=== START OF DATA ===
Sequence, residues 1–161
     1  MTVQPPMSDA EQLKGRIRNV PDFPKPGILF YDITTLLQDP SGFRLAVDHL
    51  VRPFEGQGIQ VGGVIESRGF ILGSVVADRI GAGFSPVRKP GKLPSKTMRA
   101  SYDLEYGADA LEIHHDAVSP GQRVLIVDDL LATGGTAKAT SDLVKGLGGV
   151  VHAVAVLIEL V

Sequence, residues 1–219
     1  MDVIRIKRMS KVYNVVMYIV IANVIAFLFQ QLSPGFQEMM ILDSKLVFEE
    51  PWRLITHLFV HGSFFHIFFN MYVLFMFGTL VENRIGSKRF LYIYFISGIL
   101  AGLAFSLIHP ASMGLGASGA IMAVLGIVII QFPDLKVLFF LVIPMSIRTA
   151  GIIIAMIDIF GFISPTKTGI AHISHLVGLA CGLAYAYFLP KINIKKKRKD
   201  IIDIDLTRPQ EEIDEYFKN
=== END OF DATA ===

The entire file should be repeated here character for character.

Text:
Sequence, residues 1–161
     1  MTVQPPMSDA EQLKGRIRNV PDFPKPGILF YDITTLLQDP SGFRLAVDHL
    51  VRPFEGQGIQ VGGVIESRGF ILGSVVADRI GAGFSPVRKP GKLPSKTMRA
   101  SYDLEYGADA LEIHHDAVSP GQRVLIVDDL LATGGTAKAT SDLVKGLGGV
   151  VHAVAVLIEL V

Sequence, residues 1–219
     1  MDVIRIKRMS KVYNVVMYIV IANVIAFLFQ QLSPGFQEMM ILDSKLVFEE
    51  PWRLITHLFV HGSFFHIFFN MYVLFMFGTL VENRIGSKRF LYIYFISGIL
   101  AGLAFSLIHP ASMGLGASGA IMAVLGIVII QFPDLKVLFF LVIPMSIRTA
   151  GIIIAMIDIF GFISPTKTGI AHISHLVGLA CGLAYAYFLP KINIKKKRKD
   201  IIDIDLTRPQ EEIDEYFKN